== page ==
It is with good reason that Tom Gervasi titles his book "The Myth of Soviet Military Superiority." He thinks the story of the Soviet Union's preponderance in arms is all a big fabrication. Not only are the Soviets behind us in strategic weapons, he says, but they are behind in intermediate range and tactical nuclear arms in land forces and conventional strength on the European front, and in overall military spending.
Gervasi goes on to argue that the Reagan Administration's massive defense buildup has been sold to the U.S. public with lies and manipulated information, and that the Administration has systematically suppressed dissent by using threats, punishments and selective favors.
As a result, Gervasi concludes, most of the main-stream press and think-tanks have been dragooned into a conspiracy of deceit. The real reason the United States is amassing ever-greater arsenals, Gervasi states, is because the defense industrialists want to increase their already-swollen profits.
Perhaps because of the iconoclastic views presented, this book is sure to be quoted frequently, and its message will be widely spread. Gervasi, the director of the Center for Military Research and Analysis in New York, has amassed formidable statistical information. The appendixes, footnotes, end notes and index constitute more than half of the volume. The dust jacket notes with pride that "comprehensive notes and appendixes document where every piece of evidence was obtained." So the quality of the author's command of facts, his care in argumentation, and his identification of sources become crucial in judging the book's value.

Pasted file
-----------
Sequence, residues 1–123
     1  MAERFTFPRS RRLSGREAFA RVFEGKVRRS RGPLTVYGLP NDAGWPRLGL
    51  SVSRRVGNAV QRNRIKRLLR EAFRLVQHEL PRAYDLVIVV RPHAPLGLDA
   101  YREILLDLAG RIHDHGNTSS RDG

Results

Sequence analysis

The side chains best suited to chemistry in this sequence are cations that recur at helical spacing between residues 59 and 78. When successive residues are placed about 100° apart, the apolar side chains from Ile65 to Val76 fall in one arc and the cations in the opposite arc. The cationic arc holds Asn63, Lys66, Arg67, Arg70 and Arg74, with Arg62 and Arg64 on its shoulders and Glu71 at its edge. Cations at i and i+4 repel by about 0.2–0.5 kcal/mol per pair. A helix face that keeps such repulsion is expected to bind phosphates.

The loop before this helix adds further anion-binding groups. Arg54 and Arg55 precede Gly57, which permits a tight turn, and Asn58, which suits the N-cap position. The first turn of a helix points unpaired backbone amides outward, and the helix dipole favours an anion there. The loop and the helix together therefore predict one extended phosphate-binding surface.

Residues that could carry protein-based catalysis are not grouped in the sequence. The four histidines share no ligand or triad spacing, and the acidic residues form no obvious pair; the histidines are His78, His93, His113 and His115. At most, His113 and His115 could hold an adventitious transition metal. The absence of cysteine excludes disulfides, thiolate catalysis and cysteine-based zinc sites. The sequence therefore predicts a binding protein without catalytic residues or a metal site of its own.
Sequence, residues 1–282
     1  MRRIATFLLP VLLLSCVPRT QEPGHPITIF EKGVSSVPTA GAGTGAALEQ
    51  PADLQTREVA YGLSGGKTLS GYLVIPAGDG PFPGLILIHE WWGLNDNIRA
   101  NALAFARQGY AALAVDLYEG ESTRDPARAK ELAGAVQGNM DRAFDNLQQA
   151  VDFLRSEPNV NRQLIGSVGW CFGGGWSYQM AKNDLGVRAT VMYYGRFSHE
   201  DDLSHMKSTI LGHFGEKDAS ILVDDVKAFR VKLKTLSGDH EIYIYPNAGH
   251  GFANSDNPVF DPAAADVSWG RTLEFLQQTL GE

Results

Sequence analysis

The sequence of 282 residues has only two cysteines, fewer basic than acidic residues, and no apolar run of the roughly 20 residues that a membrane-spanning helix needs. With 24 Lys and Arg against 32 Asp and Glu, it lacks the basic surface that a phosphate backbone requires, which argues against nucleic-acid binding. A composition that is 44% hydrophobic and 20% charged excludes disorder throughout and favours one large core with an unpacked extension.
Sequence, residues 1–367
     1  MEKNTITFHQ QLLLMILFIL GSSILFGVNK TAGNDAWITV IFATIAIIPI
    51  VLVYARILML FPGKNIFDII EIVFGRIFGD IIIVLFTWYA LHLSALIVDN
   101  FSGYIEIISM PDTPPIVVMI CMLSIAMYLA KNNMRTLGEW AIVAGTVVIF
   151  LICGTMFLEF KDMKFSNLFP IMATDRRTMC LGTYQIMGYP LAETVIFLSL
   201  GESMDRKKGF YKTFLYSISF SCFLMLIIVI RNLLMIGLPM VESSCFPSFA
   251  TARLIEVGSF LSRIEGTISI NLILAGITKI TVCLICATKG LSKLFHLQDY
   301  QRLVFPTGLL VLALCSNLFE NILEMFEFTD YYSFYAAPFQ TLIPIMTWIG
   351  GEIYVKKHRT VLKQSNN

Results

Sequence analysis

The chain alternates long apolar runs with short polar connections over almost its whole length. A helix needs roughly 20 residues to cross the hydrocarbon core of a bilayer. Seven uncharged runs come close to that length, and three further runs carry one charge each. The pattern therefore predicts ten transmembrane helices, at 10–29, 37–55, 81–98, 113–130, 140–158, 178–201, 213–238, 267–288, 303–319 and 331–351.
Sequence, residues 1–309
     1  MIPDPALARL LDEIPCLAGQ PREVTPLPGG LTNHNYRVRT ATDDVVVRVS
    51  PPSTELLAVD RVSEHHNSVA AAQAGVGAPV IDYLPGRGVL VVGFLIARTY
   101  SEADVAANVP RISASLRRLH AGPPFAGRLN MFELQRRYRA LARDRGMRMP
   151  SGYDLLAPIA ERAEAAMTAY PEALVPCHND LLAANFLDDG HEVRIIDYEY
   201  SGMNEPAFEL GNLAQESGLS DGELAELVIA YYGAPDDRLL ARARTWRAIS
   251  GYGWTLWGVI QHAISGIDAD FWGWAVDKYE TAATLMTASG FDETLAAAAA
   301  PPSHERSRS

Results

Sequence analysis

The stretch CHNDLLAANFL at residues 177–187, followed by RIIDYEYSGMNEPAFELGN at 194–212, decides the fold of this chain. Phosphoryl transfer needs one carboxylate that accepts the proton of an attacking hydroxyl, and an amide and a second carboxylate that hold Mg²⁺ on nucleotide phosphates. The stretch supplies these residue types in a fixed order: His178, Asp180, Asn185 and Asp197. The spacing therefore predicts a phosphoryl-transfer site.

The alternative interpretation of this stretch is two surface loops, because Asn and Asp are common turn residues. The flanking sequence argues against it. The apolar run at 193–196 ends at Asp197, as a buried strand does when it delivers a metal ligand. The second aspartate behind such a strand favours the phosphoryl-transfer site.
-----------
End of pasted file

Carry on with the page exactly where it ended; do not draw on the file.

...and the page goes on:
Unfortunately, Gervasi indulges in much the same use of half-truths and tailored arguments for which he so justifiably excoriates his opponents. Regarding bombers, for example, Gervasi calls them and their weapons the "most important" (emphasizing megatonnage), "most accurate" of all, and highly dependable in reaching their targets. In supporting these assertions, however, he obscures the distinction between bombers which would penetrate Soviet air space at some risk to drop bombs or launch missiles, and aircraft which would stand off in relative safety and launch cruise missiles from a distance. Regarding submarine-launched ballistic missiles, he talks about the U.S. SLBMs of today being superior in accuracy to Soviet land-based rockets. While the U.S. Trident II D-5 missiles of tomorrow may have these characteristics, presently deployed U.S. SLBMs do not. One is left with a suspicion that the virtues of bombers and submarines are exaggerated and the effectiveness of land-based intercontinental ballistic missiles minimized because Soviet strength is concentrated in the last category.
Regarding U.S. command and control, Gervasi argues that there is not "necessarily any need for a communications system that is sure to survive a nuclear attack. A retaliatory attack does not have to rely on such a system." A hundred pages later, the author discusses the threat to Soviet command and control posed by Pershing-II missile deployments. There he quotes Defense Electronics magazine approvingly: "The removal of C2 (command and control) capability by a comparatively small number of Pershings would render much of the Soviet ICBM first strike and retaliatory forces impotent." Gervasi seems to be arguing the case both ways.
According to Gervasi, U.S. Establishment spokesmen claim that American use of nuclear weapons in Europe would carry "no risk" of escalation to an intercontinental exchange. Perhaps one or two spokesmen have made such foolish claims, but there surely cannot have been very many of them. Gervasi also asserts, in arguing the balance of land forces in Europe, that Soviet forces "in the Leningrad, Baltic, Byelorussian and Carpathian military districts . . . are not in Europe."
In quite a few cases, Gervasi's end notes do not support his statements in the text. For example, he cites a 1949 interview of Secretary of State John Foster Dulles to claim that Dulles acknowledged that there was then no real evidence of a threat from the Soviet Union. This did not sound like the Dulles I knew, so I looked up Gervasi's end note, which cited "interview, U.S. News and World Report (March, 1949)." The citation carried no reference, incidentally, to the volume, number, date or page in the magazine, and I went through all four weekly issues of that month finding no interview.